With his emotional lyrics and strong musicianship, Kevin Henry's debut album, East on Sunset, boldly announces that a significant new artist has begun what should be a long, fruitful career. Henry was the winner of the 2000 Los Angeles Music Award for Best Male Singer/Songwriter. His new CD is influenced by everyone from Billy Joel to Björk, and he punctuates his songs with diverse instrumentation by mixing acoustic guitars and stark pianos with trip-hop productions. East on Sunset was recorded at Smart Studios, which is owned by producer Butch Vig, and is where Garbage, Nirvana, and Smashing Pumpkins often recorded. The most appealing element of East on Sunset is that Henry's songs all deal with the themes of love and disappointment in a large city. The album's 12 songs function as the internal monologue of a man fluctuation between hope and fear. The CD begins with the upbeat "Space," which describes the struggle between optimism and pessimism that defines the CD: "You come in singing 'it's all right' when it's not right/'It's all good' when nothing good can come of this. I say ... give me a little space." Henry sings like a man hurt so many times that he wonders if hope is even healthy. On the second track, he observes, "Years pass by (and) I might recall this all so beautiful, like it never was," and concludes, "it is easier to go." Love on East on Sunset is overwhelming and yet still life's purpose. Far from a blunt diatribe, the album captures the anger of a suffering romantic and his regret the morning after. Henry rationalizes his profound pain by hoping for an eventual catharsis, but is too intelligent (or pained) to believe it. In "One of the Good Guys," he sings of the curse of better days: "life is no good without love/but life's never good enough for me." The goal may be healing, but life is colored by rejection too often to ignore., and though Henry yearns for companionship, he is acutely aware of love's uncertainty and is hesitant to be vulnerable. His lyrical style is profoundly confessional and emotional. It is clear that Kevin Henry has been steeped in the masters. "Easier to Go" is a classic ballad with a pinch of Elton John and Bernie Taupin, while "Torch"'s lyrics of resilience and self-abuse sound like a newly discovered Billy Joel song. Musically, Henry also explores a wide range of feelings. "Nothing Matters" has the frantic angst of Garbage's "Only Happy When It Rains" and the frustrated dynamics of Luscious Jackson's Naked Eye." "Space" has a haunting keyboard part that signifies loneliness, while a stuttered and looped rhythm gives it an upbeat sound. Henry is not afraid of his voice, and is even less afraid of having something to say. He shares with other balladeers, from Ben Folds to Elton John, and shares their pain and sense of humor. "Nothing really matters after you," he declares in "Nothing Matters." "I know I won't feel you anymore, when my heart is face down on the floor." Kevin Henry's debut album sounds like a musical diary where each song is a reminder from the pessimist on one shoulder to the optimist on the other, saying "don't forget how you felt the last time." Henry mines emotionally raw territory creating one of the most solid debuts of the year. (East on Sunset also includes the song "New Year" which was featured in an episode of NBC's Friends.) Recommended if you like Jackson Browne, Ben Folds, George Michael, Billy Joel, and Elton John.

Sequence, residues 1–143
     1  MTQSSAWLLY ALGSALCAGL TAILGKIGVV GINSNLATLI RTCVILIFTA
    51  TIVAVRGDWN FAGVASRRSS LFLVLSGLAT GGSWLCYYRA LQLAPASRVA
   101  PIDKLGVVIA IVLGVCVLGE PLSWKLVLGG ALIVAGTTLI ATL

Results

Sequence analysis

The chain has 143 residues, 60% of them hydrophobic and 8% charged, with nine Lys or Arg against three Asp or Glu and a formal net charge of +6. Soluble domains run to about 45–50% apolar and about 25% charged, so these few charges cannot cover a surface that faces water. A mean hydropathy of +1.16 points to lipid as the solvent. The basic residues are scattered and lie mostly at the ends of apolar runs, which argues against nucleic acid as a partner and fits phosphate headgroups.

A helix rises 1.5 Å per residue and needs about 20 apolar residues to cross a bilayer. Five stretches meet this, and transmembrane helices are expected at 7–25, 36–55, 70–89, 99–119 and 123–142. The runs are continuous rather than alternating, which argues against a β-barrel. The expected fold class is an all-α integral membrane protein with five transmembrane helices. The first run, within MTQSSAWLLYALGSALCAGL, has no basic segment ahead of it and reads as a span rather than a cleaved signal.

Share this page
AllMusic Review by JT Griffith